One of the guys that used to drive me to school was a Harvard educated lawyer and another was a hit man (actually, I believe that he wore many hats in his business) for certain organizations. TBR always liked to make sure that we met a wide variety of people from a colorful array of professions. Maybe she thought it made us more well rounded than Sunday School. In a way, it did have an impact on us both. I'm a very cautious gambler to this day. I also hate sloppy drunks who insist on telling tasteless jokes. I can spot a *tell* or a *con* a mile away. I can usually tell when a person is lying. I learned to never give a sucker an even break and to never play the numbers. Unfortunately, during all of this education I was receiving at home, I have a funny feeling I was supposed to be learning fractions and how to conjugate verbs at school.

When we lived in Tulsa briefly, I did make the swim team, but we moved away before I could ever get to compete. Until Aspen, we had never lived long enough in any one place that I was ever able to learn a sport, so I always thought I was not a sporty girl. Until I was introduced to skiing, at any rate. Snow skiing remains the love (sport) of my life (with water skiing coming in at a red hot second) and will be until I take my last breath. It still makes me feel so free when I'm screaming down the slopes like a teenager.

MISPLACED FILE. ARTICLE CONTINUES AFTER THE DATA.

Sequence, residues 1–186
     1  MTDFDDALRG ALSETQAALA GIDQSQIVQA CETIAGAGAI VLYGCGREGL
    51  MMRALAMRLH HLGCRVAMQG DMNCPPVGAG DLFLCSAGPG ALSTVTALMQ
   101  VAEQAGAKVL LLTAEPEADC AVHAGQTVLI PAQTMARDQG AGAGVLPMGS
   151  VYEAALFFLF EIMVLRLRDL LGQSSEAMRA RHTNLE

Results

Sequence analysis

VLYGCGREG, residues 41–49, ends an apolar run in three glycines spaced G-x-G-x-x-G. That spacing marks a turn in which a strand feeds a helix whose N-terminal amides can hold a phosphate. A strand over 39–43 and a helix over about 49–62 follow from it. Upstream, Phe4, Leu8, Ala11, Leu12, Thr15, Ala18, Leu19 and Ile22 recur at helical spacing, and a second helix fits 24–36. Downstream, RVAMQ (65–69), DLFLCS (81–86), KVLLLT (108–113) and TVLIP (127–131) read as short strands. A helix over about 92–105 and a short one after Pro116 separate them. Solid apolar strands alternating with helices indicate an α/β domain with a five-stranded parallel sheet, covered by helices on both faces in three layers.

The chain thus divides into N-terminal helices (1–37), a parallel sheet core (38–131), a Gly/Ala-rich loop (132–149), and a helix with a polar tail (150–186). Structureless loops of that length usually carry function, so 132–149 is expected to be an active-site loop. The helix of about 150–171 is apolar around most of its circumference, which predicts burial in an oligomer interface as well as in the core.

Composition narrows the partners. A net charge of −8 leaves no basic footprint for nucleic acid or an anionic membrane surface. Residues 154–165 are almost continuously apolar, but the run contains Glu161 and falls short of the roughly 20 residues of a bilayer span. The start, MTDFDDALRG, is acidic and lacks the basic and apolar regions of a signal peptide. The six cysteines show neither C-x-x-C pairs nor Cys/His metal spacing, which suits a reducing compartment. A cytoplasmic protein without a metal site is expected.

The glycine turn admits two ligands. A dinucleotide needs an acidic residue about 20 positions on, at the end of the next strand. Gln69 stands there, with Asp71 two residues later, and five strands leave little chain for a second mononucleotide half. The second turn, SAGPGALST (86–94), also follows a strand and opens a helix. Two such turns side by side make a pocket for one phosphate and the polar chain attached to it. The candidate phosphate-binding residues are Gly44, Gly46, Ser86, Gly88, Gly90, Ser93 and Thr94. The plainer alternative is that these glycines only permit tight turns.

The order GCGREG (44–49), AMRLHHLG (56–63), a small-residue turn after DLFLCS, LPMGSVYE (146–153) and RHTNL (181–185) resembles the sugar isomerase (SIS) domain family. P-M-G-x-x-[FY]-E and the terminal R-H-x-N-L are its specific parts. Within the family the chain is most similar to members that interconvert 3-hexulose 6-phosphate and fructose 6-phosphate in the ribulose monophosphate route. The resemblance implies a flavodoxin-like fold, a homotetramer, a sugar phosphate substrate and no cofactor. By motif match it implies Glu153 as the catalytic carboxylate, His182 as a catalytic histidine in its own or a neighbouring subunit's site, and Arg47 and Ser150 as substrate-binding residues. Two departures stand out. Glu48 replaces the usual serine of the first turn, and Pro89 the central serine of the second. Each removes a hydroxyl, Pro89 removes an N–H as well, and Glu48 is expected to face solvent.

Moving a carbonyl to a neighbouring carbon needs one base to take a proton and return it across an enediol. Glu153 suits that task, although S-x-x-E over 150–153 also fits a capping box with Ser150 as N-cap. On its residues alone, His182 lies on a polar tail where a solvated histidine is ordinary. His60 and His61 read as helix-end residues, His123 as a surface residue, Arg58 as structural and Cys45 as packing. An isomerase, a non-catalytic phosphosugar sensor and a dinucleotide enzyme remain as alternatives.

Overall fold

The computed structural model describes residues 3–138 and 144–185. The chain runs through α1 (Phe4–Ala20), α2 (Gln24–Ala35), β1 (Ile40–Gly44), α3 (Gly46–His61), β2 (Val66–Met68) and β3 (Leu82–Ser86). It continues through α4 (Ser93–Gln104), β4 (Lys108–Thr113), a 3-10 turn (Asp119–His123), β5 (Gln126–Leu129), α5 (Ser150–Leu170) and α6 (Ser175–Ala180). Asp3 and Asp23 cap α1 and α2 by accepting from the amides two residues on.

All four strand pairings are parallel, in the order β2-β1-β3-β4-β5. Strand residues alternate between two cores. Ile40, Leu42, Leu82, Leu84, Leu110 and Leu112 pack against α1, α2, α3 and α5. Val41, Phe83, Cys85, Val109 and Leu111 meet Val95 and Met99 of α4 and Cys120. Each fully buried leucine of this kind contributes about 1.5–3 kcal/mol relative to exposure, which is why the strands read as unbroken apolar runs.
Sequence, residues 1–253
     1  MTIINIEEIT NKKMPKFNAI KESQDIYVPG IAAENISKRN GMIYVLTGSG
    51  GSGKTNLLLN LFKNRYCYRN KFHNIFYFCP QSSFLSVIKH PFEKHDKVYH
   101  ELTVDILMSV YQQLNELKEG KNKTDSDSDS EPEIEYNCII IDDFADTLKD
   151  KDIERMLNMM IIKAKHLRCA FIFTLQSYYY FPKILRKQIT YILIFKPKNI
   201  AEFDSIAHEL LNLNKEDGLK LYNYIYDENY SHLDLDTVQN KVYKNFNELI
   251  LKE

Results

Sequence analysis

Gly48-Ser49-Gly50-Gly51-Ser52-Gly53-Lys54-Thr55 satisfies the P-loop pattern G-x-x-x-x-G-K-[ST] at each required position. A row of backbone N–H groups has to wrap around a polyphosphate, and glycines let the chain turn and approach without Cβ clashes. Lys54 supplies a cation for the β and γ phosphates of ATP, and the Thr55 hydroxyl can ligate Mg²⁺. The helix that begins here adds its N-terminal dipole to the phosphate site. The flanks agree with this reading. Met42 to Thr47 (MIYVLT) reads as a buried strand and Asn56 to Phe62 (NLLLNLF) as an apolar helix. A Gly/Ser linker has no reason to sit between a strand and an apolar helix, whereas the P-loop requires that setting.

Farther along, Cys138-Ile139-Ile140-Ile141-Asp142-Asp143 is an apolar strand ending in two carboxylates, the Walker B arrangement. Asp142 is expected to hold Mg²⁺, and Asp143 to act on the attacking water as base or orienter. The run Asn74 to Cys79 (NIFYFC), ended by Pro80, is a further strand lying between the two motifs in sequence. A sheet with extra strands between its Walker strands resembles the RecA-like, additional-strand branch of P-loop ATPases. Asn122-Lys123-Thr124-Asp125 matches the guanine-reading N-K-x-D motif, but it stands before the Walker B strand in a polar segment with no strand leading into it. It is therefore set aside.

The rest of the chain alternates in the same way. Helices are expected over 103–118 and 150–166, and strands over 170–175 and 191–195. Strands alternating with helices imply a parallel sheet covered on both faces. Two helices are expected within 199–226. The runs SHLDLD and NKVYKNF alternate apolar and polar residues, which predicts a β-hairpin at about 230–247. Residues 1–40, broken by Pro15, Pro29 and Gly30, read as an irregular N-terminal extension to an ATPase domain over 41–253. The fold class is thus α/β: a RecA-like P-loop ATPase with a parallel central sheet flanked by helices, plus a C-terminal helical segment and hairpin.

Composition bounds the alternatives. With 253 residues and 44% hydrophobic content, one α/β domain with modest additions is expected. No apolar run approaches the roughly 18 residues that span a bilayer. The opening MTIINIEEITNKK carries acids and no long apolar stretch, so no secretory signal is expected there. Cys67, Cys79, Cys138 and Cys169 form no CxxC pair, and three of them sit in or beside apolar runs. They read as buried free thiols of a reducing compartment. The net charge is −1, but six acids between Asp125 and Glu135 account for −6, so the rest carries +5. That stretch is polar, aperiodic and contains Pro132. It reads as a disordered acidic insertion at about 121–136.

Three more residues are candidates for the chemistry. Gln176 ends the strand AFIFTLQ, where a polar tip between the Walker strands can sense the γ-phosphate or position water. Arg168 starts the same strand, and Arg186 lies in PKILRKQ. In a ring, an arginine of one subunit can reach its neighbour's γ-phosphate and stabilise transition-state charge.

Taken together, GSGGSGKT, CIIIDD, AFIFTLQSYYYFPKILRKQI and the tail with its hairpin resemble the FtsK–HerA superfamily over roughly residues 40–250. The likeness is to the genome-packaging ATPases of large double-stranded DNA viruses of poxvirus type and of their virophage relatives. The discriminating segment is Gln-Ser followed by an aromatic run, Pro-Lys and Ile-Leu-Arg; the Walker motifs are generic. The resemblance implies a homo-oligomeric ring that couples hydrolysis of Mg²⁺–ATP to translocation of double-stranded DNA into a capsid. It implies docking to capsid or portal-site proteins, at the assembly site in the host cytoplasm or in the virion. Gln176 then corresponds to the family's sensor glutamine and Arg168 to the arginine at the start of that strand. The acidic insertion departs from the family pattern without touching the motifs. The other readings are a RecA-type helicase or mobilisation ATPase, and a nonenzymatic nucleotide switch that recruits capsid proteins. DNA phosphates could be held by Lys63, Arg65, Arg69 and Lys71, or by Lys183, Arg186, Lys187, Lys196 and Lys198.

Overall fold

I realize that some of the tales of TBR are difficult to believe by those of you who grew up in *normal* families, but I assure you that every bit of it is true. Some of it is so bizarre that I won't even be able to tell you. However, I will shock and amaze you from time to time with some of the more interesting stories about her. She was always a real piece of work. At least I can't say that I didn't have an interesting life.


Pam said...

I also grew up in Oklahoma during th sixties but never knew the gambling stuff, I just was well acquainted with my dad's bootlegger! He seemed like a nice enough guy, made home deliveries and all. Jim Beam was Dad's drink of choice. I guess he could get his beer at the store...I don't remember any beer deliveries.

I'm thankful with you for the nuns at the boarding school. Normal, as you know, is in the eye or mind of the beholder! Sometimes it seems pretty weird. As my sister is wont to say, "We grew up in the most functional dysfunctional family!"

P said...

I cannot tell you how many times I walked myself to the grocery store to buy "Winston Hedges Menthol Lites" for my mom! Gosh, I haven't thought about that in 25 years or more!

Keeper Of All Things said...

Wow.....that which doesn't kill you can only make you stronger.
Thats one of my favorite sayings......befor they put it in a song!!!
Probably made you a better wife and mother in the long run!!!

Meg said...

Snooty, you never cease to amaze me. To have grown up with such a difficult ( I am being nice because, after all she DID give birth to you...but that is the only reason) woman to call mother! You are so incredible in so many ways and I am PROUD to call you my friend, you have enriched my life immensely and I thank the blogging world for having found you..or you finding me whatever the case was, I am a better person for it. Your stories although sad at times keep me grounded and I need reality checks from time to time...thanks for being my reality check. You went through so much and look how great you turned out!

Okay,you drink some..but so do I..just teasin'! It's the weekend hon, let's go have some Tequila and lighten your load today..want to?


Pearls To Hide My Neck said...